We now know the larger scope and strategy of Microsoft and Sony's next-gen console releases. Microsoft has come out with aggressive pricing for both the Xbox Series X and Xbox Series S, pricing each respectively at $499 and $299 while making huge pitches for Xbox Game Pass. And in a late-breaking update, it's purchased one of the most popular game publishers for the cool price of $7.5 Billion.
Meanwhile, Sony has shown off a number of high-profile platform exclusives, telling players that they'll get their money's worth for buying either a disc-based PlayStation 5 for $499, or a digital edition at $399. But a number of those exclusives, for various reasons, aren't all that exclusive.
Is anyone winning "the console war?" Is either company poised to do better? Will Nvidia's surprisingly cheap graphics card offerings have any impact? Will Alissa & Bryant ever get their PlayStation 5 pre-order from Amazon? The Gamasutra editorial team has once again weighed the facts and come back with a wildly irresponsible array of opinions.
If you need our take on the state of the next console generation, you can now find them neatly organized below.
Chris Kerr, Gamasutra Contributor (@kerrblimey)
Alright, now that Sony has taken its last roll of the next-gen dice and done the bare minimum in tentatively matching Microsoft in terms of pricing, I can say with absolute confidence that I'm officially barely excited for the next generation.
For me, the Xbox Series X and Series S (which is a genuine steal at $299) seem like better value propositions at launch. The Series S in particular *should* do the business and convince folks to make the immediate next-gen switch and dip into Game Pass (if they haven't already). It's also a great option for those who can't afford to drop $499 on a home console during a pandemic, so Microsoft gets some shiny bonus points for that.
I'm sure the Series X will sell like hotcakes, too, despite the fact there's little reason to plump for the premium model right away - unless you want to whittle away the hours staring at a rotund lump of plastic while dreaming of all the things it'll be able to do in a few months time. Hey, there's no shame in that.
Honestly, the same goes for the PS5. I'm an absolute schmuck, so I've spent the past week flip-flopping more than a Tory front-bencher (Editor's Note: Chris Kerr is totally British) before eventually deciding to get BOTH consoles at launch. It makes sense for me. I know I'm going to use them a bunch in the long-term, I work in the games industry, and I want to be part of the conversation on day one, but I know full well I'm going to unbox each one, try unsuccessfully to stuff them into my TV cabinet, and then wonder what on earth I'm meant to be playing. Sure, I'm looking forward to using the extra firepower to run current-gen titles at lightning speed and work through my backlog, but it's not a prospect that has me counting down the days until the postman arrives.
It kinda feels like Microsoft and Sony could've rolled out both consoles in early 2021 with a more robust launch lineup. Based on everything we know right now, it doesn't seem like anyone is clamoring for next-gen hardware in 2020, but rather that we've resigned ourselves to making the upgrade because, well, it's happening anyway.
I'm rambling now, and I suppose the point of this thread is to make a sweeping prediction and proclaim who'll win the next-generation argument. So, looking at the current state of play, my head tells me Microsoft should wipe the floor with Sony. Game Pass is a preposterously good deal (and will continue to be moving forward), and the financing options Microsoft has cooked up for both the Series S and X are hugely enticing. Microsoft has also been bolstering its first-party ranks with a mountain of acquisitions, so there's going to be some hugely exciting projects coming together behind the scenes.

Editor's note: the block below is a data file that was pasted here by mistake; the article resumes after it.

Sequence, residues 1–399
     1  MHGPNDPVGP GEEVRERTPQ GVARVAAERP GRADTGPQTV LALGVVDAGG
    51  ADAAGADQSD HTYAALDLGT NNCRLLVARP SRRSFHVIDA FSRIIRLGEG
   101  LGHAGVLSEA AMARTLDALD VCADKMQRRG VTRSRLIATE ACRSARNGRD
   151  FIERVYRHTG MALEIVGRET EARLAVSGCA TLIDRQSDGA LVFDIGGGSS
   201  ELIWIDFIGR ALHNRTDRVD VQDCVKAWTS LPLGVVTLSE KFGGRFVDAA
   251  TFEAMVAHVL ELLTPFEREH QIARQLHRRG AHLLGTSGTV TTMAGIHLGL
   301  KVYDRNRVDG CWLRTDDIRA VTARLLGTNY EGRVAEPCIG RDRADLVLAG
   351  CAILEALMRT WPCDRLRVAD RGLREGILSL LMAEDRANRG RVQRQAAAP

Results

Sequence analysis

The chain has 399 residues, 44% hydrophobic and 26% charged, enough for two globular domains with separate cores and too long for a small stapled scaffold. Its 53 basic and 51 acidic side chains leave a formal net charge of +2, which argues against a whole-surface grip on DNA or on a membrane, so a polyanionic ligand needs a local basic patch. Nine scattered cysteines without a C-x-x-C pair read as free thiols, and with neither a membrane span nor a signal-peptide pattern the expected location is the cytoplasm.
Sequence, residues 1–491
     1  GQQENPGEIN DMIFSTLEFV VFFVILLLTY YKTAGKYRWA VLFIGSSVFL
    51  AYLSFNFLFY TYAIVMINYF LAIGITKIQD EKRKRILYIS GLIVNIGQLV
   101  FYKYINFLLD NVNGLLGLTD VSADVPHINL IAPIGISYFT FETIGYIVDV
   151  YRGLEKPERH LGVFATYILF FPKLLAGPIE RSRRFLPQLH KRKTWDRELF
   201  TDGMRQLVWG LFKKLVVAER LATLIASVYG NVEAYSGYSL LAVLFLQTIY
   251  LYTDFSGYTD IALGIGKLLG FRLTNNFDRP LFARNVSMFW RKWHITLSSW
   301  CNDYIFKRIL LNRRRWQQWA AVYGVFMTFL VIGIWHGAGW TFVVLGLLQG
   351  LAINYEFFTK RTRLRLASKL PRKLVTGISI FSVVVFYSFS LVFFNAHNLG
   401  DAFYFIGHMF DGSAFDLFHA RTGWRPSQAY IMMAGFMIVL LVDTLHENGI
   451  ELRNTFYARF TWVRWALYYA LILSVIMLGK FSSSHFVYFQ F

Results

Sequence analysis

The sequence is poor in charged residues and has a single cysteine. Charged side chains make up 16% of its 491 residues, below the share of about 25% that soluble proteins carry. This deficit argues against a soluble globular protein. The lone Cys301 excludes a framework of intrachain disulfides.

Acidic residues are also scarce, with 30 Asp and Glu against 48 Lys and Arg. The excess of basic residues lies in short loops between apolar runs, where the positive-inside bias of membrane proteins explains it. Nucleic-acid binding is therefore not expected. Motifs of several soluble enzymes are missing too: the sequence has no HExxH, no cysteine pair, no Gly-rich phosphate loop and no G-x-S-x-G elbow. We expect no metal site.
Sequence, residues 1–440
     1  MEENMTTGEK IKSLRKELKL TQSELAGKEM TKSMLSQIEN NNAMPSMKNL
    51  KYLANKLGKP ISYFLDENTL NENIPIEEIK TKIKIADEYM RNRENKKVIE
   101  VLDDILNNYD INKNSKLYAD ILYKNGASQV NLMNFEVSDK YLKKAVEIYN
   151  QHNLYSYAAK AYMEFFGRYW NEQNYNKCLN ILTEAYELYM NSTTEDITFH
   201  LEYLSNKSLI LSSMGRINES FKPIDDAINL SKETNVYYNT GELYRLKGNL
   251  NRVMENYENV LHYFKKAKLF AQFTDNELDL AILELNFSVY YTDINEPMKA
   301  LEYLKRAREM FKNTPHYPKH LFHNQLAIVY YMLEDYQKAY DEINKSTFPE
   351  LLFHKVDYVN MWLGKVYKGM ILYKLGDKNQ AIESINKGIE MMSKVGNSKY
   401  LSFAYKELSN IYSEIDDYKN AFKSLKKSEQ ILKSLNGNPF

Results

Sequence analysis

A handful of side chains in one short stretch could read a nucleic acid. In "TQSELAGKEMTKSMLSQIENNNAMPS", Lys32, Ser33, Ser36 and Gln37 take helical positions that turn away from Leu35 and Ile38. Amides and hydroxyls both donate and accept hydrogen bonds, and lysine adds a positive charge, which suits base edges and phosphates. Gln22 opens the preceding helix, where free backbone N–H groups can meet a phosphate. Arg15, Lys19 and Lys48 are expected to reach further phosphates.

My heart, however, tells me Sony's promise of more 'console exclusives' down the line, coupled with the fact its first-party studios have a proven track record of churning out acclaimed titles like God of War and The Last of Us: Part II, will give the PlayStation 5 a notable head start. It's a cliche, but leopards don't change their spots - or at least, not overnight. Consumers who want to play the best of the best trust Sony to deliver the goods and Microsoft is still playing catch-up in that regard. Microsoft is well-positioned for the future with Game Pass and xCloud, but in the here and now I wouldn't bet against Sony.
TLDR: Both consoles should've been released in 2021 with more games that utilize the hardware - and when the entire world has (hopefully) finished crumbling around us.
Alissa McAloon, Gamasutra News Editor (@gliitchy)
I’m writing this minutes after getting an Amazon email about our PlayStation 5 pre-order potentially being delayed which, coupled with the confirmation that the PS5 won’t fit in an IKEA KALLAX shelf cubby, has conjured a dark cloud over my next-gen excitement. (Editor's Note: IKEA did not respond to our query asking why they are disrespecting gamers).
Still, it’s been interesting to watch all of this unfold for Xbox and PlayStation over the last year, and both are taking a very different approach to their next-gen plans. Chris already hit many of the Xbox bullet points, but one thing that’s curious is its big focus on getting folks into the Xbox Ecosystem rather than just rushing them to buy the newest, shiniest box.
PlayStation, despite recent news that some PS5 games will also come to PS4, is telling us the PS5 is where we need to be for the best new games and the best new experiences powered by the best new technology. Xbox’s entire strategy is to meet us in the middle, wherever that middle may be.
The Series S is especially interesting in this context; it’s a great entry point for Xbox newbies, and, counter to Chris' point about delaying consoles to 2021, feels like a shoe-in for parents looking to put a new console under their kids’ Christmas trees this year especially when coupled with Xbox’s carefully cultivated services like Game Pass. Those that care about high performance can shell out for the full $499 Series X, those that don’t can pick up a Series S for the same price as a Nintendo Switch, Xbox One S, or PS4 Slim costs right now.
Or, if they’re not ready to upgrade they don't have to; Xbox Series X|S exclusives will launch on One anyways.
Using only my consumer brain, I’m personally sold on the PlayStation 5. I know, from past experience, that PlayStation exclusives are more my jam than Xbox exclusives. I was PS4 primarily this generation, so once more news on their backwards compatibility functionality is out my current-gen library will, presumably, live on. I do not like the Xbox One UI. It frustrates me, which doesn’t inspire hope for the Series X|S’s interface, and Game Pass conceptually throws my decision paralysis into overdrive, so that’s not a selling point for me. Plus, PS VR is cool and (given PlayStation is providing adapters to current PSVR owners) it seems like it’ll have some presence in the PS5 generation because of that.